American Heart Association

clinical

Is Atrial Fibrillation an Independent Risk Factor for Venous Thromboembolism?

Wern Yew Ding, MBChB

Hornestam B, Adiels M, Wai Giang K, Hansson PO, Björck L, Rosengren A. Atrial fibrillation and risk of venous thromboembolism: a Swedish Nationwide Registry Study. Europace. 2021;23:1913-1921.

Thromboembolism is a major cause of global mortality. The risk of thromboembolism with atrial fibrillation (AF) is well established. However, most studies on this topic have focused on the risk of stroke and systemic arterial embolism. The risk of venous thromboembolism (VTE) in association with AF is less studied or even recognized in clinical practice.

In this study, Hornestam and colleagues investigated the relationship between AF and total VTE, including pulmonary embolism (PE) and deep venous thrombosis (DVT). The authors utilized the Swedish National Inpatient Register to identify patients with a first diagnosis of AF and no prior history of stroke, PE, DVT, or pulmonary hypertension along with matched controls by sex, age, and county from 1987 to 2013. The final cohort consisted of 463,244 patients with AF and 887,336 controls without AF. The main findings of the study were that patients with AF had a significantly greater risk of PE, DVT, and VTE compared to matched controls, particularly in younger patients and females, after accounting for other risk factors. Moreover, patients were at greatest risk of VTE (and DVT and PE) during the initial 1 month (male: HR 6.64 [95% CI, 5.74 – 7.69]; female: HR 7.56 [95% CI, 6.47 – 8.83]), but this risk declined over time and did not persist beyond the first year.

By |March 28th, 2022|clinical|Comments Off on Is Atrial Fibrillation an Independent Risk Factor for Venous Thromboembolism?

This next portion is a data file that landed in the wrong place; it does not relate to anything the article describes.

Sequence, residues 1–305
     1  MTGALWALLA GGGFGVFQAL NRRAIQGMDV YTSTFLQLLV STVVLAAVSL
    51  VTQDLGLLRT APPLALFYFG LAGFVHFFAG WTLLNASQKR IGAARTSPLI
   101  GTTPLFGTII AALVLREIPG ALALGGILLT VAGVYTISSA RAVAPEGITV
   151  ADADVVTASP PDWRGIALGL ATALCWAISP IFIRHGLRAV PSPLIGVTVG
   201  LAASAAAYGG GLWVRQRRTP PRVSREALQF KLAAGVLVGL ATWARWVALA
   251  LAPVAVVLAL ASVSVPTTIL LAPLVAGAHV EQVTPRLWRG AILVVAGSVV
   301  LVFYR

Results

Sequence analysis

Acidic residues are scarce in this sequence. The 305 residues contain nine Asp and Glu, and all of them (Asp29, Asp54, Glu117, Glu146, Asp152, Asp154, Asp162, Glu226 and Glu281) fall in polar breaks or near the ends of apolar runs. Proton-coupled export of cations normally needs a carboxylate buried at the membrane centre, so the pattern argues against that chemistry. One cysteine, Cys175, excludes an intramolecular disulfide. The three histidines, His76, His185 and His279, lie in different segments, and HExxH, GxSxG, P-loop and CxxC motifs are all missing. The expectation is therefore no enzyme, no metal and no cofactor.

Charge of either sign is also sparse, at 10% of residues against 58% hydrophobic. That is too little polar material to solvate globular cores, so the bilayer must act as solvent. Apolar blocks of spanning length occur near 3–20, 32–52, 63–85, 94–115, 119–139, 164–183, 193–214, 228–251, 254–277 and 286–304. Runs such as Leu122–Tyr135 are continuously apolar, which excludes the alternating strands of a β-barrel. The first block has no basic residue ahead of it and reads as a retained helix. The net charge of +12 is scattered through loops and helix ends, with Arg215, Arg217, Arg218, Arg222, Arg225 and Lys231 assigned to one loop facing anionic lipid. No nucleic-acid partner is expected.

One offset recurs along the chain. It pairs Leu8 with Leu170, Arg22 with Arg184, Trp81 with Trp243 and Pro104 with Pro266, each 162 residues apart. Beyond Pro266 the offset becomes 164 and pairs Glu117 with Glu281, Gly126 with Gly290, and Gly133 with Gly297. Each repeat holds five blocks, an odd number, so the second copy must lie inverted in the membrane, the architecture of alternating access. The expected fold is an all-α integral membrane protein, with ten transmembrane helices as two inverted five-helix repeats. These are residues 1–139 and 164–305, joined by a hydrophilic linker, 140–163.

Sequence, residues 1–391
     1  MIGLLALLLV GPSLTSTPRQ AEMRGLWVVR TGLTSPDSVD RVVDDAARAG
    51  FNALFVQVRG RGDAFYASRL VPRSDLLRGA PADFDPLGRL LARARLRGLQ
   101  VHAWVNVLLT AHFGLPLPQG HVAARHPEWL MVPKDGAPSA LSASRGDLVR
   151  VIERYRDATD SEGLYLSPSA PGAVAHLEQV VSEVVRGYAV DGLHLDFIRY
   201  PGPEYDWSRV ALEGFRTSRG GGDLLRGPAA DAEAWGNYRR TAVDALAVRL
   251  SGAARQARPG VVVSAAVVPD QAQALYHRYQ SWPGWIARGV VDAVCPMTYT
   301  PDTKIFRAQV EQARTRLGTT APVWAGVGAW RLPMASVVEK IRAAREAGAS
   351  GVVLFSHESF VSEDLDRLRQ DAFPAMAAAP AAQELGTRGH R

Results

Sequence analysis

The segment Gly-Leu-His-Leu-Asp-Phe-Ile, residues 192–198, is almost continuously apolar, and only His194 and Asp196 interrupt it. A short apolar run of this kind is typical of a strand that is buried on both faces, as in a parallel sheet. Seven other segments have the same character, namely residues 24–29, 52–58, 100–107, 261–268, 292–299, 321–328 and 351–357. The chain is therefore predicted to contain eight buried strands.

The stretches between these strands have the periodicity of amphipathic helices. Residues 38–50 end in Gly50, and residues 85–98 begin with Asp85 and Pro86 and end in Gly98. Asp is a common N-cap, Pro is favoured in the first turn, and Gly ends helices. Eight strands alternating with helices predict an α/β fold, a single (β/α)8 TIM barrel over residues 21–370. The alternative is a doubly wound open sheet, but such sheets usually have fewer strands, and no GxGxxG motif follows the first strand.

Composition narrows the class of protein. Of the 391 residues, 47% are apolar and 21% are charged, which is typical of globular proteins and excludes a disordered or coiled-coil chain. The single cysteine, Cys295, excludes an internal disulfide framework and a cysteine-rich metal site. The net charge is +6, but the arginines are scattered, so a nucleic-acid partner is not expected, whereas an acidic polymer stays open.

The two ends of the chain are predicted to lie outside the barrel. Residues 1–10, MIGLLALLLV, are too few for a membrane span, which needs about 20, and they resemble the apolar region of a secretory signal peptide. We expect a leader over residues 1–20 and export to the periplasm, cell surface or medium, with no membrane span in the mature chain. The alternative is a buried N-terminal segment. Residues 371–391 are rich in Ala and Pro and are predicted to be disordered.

Article Commentary: “Thrombectomy With and Without Computed Tomography Perfusion Imaging in the Early Time Window”

Karissa C. Arthur, MD
@KCArthurMD

Jadhav AP, Goyal M, Ospel J, Campbell BC, Majoie CBLM, Dippel DW, White P, Bracard S, Guillemin F, Davalos A, et al. Thrombectomy With and Without Computed Tomography Perfusion Imaging in the Early Time Window: A Pooled Analysis of Patient-Level Data. Stroke. 2022.

Computed tomography perfusion (CTP) imaging is currently used for patients with large vessel occlusions presenting in the late time window. However, it is uncertain if CTP adds value to decision making in the early time window. In this study, Jadhav et al. set out to compare post-endovascular thrombectomy (EVT) outcomes between patients who received the standard noncontrast CT and CT angiography (CTA) versus those who received additional imaging with CTP. They further determined the association between CTP and clinical outcomes.

By |March 23rd, 2022|clinical|Comments Off on Article Commentary: “Thrombectomy With and Without Computed Tomography Perfusion Imaging in the Early Time Window”

Article Commentary: “Bilateral Transcutaneous Electrical Nerve Stimulation Improves Upper Limb Motor Recovery in Stroke”

Hannah Roeder, MD, MPH

Chen P, Liu T-W, Kwong PWH, Lai CKY, Chung RCK, Tsoh J, Ng SSM. Bilateral Transcutaneous Electrical Nerve Stimulation Improves Upper Limb Motor Recovery in Stroke: A Randomized Controlled Trial. Stroke. 2022.

Transcutaneous electrical nerve stimulation (TENS) has been regularly employed over the last half century as a pain modulatory therapy,1 and it has been explored as a therapy to improve sensorimotor function in chronic stroke patients since the 1980s. Early studies among chronic stroke patients found unilateral TENS (over the affected leg) improved lower limb spasticity and strength.2 Subsequently, unilateral TENS plus task-related training was found to be superior to TENS alone in improving lower extremity spasticity, strength, and gait velocity.3 Similar benefits of adding task-related training to TENS were subsequently shown for upper limb motor function.4 More recently, bilateral TENS (Bi-TENS) combined with task-oriented training (TOT) was superior to unilateral TENS (Uni-TENS)+TOT in a trial investigating lower extremity strength and gait performance.5 The current study by Chen and colleagues investigates Bi-TENS+TOT in upper limb motor recovery.